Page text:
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Forms Automated Testsystem with Forms Technology and PL/SQL only

Frank Hoffmann
Frank Hoffmann Member Posts: 768 Gold Badge
edited February 24 in Forms

Hi All,

we had this discussion a long time ago. I have a customer that needs to provide an automated testsystem by a government requirement. All the tools on the market I have analysed so far (Auratest, Smartbear, Loadrunner, ORACLE ATS) work by recording sessions and replay with some options of modification. I have talked with a couple of managers that run large Forms solutions and they confessed, that they need a test system but were not able to reach the requirements. Some test the application covering 10-15% with UTPLSQL but need a do a huge effort for this. Insurance companies started with some tools mentioned above but were not able to cover it because of the complexity.

As I go more and more into Forms "NOCODE" solutions I trust in the very fast Buildins in Forms that allow to read the values of various items and change them in a couple of milliseconds.

My Idea is to record sessions in Forms during a live user session into the database and make them to replay later. To read prompts and items and values out of Forms into the database and get values and workflows database driven. Goal is a minimum work for the test management and a high performance.

In my case I calculated at least 50.000 testcases for 475 modules. It is impossible to record this testcases hand by hand. I believe in the extremly fast C program on the serverside (frmweb) and the unbeatable speed to access the DB via SQLNET. In former test cases I was surprised by the the speed of loops and screen automation within forms. Changing a complete block with 40 items (Prompts, toolstips, values, position) was performed in 2 roundtrips (20ms).

Before I start with a POC here the question:

Did anyone do a solution like this before or heard from a large Forms customer that does mass tests with Oracle Forms? Are there solutions like this on the market (Forms+Database only) - and are there experiences and known limitations?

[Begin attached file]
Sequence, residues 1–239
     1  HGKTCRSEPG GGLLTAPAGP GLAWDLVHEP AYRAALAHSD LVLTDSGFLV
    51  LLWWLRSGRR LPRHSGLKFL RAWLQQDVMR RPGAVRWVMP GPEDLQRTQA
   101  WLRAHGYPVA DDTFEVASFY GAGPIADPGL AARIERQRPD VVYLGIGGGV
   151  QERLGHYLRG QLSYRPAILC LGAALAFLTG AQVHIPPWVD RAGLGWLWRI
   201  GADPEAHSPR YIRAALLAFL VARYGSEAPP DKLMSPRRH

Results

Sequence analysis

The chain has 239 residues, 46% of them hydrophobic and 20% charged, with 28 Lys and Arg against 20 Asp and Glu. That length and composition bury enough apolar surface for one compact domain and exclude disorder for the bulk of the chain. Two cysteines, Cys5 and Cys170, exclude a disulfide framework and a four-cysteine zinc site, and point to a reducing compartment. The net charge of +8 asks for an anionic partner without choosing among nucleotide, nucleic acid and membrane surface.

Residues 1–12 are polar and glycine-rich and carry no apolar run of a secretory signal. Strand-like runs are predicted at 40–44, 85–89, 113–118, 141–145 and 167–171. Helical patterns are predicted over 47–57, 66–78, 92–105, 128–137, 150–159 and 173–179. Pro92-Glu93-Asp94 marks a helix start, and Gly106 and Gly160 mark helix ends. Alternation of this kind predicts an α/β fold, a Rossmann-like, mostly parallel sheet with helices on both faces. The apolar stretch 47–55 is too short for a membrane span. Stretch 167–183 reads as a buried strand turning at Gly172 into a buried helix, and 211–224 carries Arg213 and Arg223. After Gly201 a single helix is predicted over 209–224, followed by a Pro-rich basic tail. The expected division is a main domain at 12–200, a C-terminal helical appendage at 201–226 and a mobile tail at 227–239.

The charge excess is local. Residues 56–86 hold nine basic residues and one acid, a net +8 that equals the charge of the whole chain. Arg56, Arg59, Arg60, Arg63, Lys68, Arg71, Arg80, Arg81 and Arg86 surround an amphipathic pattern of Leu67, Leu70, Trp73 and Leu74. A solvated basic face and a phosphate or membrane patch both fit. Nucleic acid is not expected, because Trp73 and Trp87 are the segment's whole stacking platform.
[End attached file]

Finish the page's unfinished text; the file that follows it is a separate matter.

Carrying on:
I want to start Forms with a testing parameter and start the testautomation with Formspackages and Formsbuildins within Forms and write all test results into a db test repository.

Any comments or hints would be very welcome!!

warm regards,


@Michael Ferrante-Oracle at the time you worked for the NASA - did they have a testsystem for their Forms applications? Do you know of a test system that ORACLE uses for their own EBS Forms solution?



  • Michael Ferrante-Oracle
    Michael Ferrante-Oracle Member Posts: 6,490 Employee

    @Frank Hoffmann

    Generally speaking, any test system must start with a recording or set of instructions that indicate what to do. A good testing system, in my opinion would be one that does not require any code be added to the application(s), even if the code is added automatically. Adding ANY code to an application, even if just one line alters performance and could destabilize the application.

    Regarding EBS, they use a variety of tools, one of which is Oracle Application Test Suite (OATS). Unfortunately, this tool is being phased out. We will continue to use it internally, but it will not be available to the public anymore.